NEAR Kirkby Malzeard lies the hidden valley of Dallowgill, a delightful wooded glen that makes for some interesting walking. Coupled with some pleasant moors and a visit to Greygarth monument, this short walk is packed with interest.

I parked next to the roadside at 180727, there is plenty of room. It reminded me of the James Herriott TV programmes when James used to pull off the road and walk straight out on to the moors to walk his dogs. Head east along the road and then turn south with the bulk of Greygarth monument starting to monopolise the view.

At 400 metres along the road, a path is signposted to your left, this leads uphill to the monument. It was originally built by the locals to commemorate the Diamond Jubilee of Queen Victoria and was restored 30 years ago. The views are excellent.

From the monument continue north east for 200 metres before turning south east and make your way downhill, past some isolated farms towards Dallow (the hamlet).

Before crossing the road and dropping down to the stream, walk 100 metres along the road to your right and visit St Peter's Church. Return to the footpath and head down to the embryonic River Laver through the woods. Cross the footbridge and soon arrive at Dallow Hall and the neighbouring barns. Beyond the hall, the track divides, take the right fork and enjoy a small plantation of larch and pine. Follow the track as it winds north through the woodland, crossing two ‘white painted’ bridges before climbing away from the river and back in to open pastureland.

During this short walk you will have spotted a number of mosaics (mounted on a boulder), beautiful painted murals which signpost a longer and better-known walk. These represent the Crackpot Mosaic Trail, an eight-mile walk with 22 murals representing flora and fauna that you are likely to see nearby. The mosaics were made in 1997 by a set of local ‘crackpots’ who were looking for a suitable way to celebrate the area obtaining the ‘Area of Outstanding Natural Beauty ‘status. They are truly impressive.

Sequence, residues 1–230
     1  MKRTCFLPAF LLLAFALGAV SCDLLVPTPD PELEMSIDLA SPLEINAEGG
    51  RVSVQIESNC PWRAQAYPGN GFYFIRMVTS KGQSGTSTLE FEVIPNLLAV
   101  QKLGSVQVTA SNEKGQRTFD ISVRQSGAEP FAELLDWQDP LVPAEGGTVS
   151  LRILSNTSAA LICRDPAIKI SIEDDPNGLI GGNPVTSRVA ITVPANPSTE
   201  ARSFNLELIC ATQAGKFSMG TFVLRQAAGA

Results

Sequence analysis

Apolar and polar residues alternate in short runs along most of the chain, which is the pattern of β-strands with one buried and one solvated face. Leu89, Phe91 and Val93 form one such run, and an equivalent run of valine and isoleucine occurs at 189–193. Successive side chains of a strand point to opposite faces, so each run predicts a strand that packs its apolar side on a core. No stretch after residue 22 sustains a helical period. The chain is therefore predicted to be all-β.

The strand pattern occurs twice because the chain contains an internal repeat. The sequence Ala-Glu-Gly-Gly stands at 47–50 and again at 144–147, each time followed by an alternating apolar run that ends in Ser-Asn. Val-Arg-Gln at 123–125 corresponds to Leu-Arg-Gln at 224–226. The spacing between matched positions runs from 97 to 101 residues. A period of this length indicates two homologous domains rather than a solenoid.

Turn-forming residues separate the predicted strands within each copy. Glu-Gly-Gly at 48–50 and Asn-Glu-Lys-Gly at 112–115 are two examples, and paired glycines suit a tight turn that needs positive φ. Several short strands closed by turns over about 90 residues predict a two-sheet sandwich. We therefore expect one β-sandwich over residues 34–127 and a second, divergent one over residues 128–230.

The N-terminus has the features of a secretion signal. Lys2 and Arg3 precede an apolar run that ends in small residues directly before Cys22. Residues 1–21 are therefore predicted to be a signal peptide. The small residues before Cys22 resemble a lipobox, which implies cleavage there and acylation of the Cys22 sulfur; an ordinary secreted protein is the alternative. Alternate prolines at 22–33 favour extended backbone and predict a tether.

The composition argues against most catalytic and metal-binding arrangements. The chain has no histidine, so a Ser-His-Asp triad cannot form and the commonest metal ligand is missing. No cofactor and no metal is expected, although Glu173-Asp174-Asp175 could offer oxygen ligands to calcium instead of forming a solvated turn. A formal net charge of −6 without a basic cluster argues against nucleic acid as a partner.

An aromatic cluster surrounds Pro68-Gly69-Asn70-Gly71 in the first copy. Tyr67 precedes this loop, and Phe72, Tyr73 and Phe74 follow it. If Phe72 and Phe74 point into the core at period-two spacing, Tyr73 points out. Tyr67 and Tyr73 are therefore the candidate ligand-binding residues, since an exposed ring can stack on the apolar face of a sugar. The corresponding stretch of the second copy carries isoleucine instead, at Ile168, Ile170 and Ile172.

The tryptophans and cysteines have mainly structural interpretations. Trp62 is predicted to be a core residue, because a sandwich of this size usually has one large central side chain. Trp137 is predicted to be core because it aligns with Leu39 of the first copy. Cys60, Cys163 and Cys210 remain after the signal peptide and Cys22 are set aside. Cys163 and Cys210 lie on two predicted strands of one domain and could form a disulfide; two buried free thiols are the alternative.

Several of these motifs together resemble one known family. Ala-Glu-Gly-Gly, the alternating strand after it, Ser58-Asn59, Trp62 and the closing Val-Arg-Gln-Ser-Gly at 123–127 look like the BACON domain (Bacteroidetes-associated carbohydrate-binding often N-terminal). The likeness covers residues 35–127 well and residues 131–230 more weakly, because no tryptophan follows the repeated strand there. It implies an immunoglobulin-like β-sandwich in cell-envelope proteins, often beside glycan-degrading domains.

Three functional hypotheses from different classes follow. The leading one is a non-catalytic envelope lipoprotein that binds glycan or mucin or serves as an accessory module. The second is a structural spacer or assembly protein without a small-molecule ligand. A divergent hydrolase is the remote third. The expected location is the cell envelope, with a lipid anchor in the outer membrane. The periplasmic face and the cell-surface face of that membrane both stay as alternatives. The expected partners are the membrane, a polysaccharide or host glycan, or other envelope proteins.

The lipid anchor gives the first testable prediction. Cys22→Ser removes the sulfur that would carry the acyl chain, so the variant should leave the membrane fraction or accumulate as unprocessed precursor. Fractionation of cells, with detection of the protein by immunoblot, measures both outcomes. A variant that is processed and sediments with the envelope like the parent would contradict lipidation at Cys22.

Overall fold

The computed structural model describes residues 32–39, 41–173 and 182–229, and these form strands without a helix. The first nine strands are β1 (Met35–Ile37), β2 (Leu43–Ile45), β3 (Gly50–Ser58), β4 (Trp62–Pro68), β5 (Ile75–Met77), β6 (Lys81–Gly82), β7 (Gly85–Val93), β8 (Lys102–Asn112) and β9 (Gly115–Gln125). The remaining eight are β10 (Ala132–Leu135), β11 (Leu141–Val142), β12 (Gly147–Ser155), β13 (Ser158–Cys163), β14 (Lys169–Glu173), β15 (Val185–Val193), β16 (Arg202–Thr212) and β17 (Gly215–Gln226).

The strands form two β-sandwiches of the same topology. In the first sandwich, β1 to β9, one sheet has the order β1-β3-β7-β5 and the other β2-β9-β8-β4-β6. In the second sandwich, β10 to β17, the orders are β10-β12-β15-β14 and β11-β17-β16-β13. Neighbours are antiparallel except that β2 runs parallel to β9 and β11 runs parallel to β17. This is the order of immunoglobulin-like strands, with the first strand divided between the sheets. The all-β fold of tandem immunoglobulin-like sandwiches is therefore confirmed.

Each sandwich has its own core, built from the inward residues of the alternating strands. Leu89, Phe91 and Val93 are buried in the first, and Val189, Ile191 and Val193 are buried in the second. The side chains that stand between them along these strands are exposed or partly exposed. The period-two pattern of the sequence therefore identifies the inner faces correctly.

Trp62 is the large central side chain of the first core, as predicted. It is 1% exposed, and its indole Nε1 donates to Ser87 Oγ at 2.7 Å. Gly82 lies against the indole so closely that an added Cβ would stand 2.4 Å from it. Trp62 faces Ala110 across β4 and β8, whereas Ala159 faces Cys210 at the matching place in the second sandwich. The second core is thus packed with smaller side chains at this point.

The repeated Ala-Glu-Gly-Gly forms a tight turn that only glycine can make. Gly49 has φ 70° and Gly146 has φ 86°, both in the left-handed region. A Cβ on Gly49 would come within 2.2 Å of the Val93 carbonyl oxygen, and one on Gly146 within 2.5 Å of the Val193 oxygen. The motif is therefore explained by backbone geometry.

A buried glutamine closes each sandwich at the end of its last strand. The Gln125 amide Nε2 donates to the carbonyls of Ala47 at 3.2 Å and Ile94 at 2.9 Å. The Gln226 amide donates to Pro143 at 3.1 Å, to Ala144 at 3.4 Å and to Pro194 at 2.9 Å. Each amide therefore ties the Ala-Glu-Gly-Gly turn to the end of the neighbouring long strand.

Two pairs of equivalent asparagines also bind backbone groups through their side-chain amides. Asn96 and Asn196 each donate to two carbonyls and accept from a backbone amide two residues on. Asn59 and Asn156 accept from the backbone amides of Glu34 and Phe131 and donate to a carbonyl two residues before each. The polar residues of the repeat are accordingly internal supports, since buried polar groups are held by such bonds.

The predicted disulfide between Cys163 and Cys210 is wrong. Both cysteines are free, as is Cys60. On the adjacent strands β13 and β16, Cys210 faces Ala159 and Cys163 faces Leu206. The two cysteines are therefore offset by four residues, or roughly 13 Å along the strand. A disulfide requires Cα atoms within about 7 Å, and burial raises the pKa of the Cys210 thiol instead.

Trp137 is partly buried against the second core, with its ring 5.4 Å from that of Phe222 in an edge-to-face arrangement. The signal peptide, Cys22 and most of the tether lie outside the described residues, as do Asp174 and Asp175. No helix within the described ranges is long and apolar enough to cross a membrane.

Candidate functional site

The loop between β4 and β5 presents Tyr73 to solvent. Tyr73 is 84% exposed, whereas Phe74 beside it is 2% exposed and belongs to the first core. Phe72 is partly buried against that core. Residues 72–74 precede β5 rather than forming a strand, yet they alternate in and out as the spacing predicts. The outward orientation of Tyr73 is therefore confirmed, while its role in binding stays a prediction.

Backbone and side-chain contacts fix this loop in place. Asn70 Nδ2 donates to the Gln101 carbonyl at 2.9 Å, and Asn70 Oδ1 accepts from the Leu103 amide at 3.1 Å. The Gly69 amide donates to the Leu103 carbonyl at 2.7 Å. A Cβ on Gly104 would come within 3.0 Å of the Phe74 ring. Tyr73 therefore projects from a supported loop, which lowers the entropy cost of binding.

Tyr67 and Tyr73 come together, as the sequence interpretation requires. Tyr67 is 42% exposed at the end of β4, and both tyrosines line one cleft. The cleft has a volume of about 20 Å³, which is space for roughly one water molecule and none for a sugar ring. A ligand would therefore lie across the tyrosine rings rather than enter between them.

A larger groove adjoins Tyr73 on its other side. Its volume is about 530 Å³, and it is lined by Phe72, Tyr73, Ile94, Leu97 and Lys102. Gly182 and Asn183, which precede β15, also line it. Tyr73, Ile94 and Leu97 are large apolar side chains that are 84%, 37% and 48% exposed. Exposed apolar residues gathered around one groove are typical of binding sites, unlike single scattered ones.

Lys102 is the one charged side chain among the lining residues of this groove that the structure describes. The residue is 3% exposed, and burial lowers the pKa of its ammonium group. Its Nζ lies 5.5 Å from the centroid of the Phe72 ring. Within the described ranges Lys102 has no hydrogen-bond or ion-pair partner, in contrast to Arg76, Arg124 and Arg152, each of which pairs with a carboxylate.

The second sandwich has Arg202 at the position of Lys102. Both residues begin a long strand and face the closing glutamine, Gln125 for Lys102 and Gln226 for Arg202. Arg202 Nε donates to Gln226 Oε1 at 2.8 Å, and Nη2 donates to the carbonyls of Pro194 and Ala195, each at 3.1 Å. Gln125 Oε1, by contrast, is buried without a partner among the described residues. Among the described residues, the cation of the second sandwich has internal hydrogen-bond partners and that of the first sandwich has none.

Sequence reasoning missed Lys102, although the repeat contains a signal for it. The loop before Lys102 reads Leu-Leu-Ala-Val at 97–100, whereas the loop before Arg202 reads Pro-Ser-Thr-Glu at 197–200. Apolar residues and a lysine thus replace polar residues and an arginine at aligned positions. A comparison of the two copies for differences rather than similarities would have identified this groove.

Back to this walk. On emerging from the woodland, pass through a gate and follow the bridlepath as it contours west north west. The path dips back into the woodland for a short period, passing some wonderful old oak, before emerging again in to the fields. There is a wall to your left, follow it to Bent House but instead of following the lane right carry on across more open fields for 400 metres to Potter Lane House. Turn right on to the lane leading up to Dallowgill Lane, turn right on to the lane which will lead you back to your car.

Fact Box:

Distance: Roughly 4 miles.

Height to climb: 180m (590 feet)

Start: SE 180726. There is some parking next to the road.

Difficulty: Easy. The walk is straightforward across fields, through woodland and some limited road walking. There is a bit of a climb at the end of the day.

Refreshments: With the Drovers Inn now closed head for the Queens at Kirkby Malzeard.

Be prepared:

The route description and sketch map only provide a guide to the walk. You must take out and be able to read a map (O/S Explorer OL26) and in cloudy/misty conditions a compass. You must also wear the correct clothing and footwear for the outdoors. While every effort is made to provide accurate information, walkers head out at their own risk.

Please observe the Countryside Code and park sensibly.

Jonathan Smith runs Where2walk, a walking company in the Yorkshire Dales:

• Jonathan has written his own book, the “Dales 30” which describes the highest mountains in the Dales

• He also runs 1 Day Navigation Courses for Beginners and Intermediates

• Join his Learn a Skill, Climb a Hill Weekend (one in June, one in October)

To find out more details on any of the above and details of many more walks in the area visit his popular website,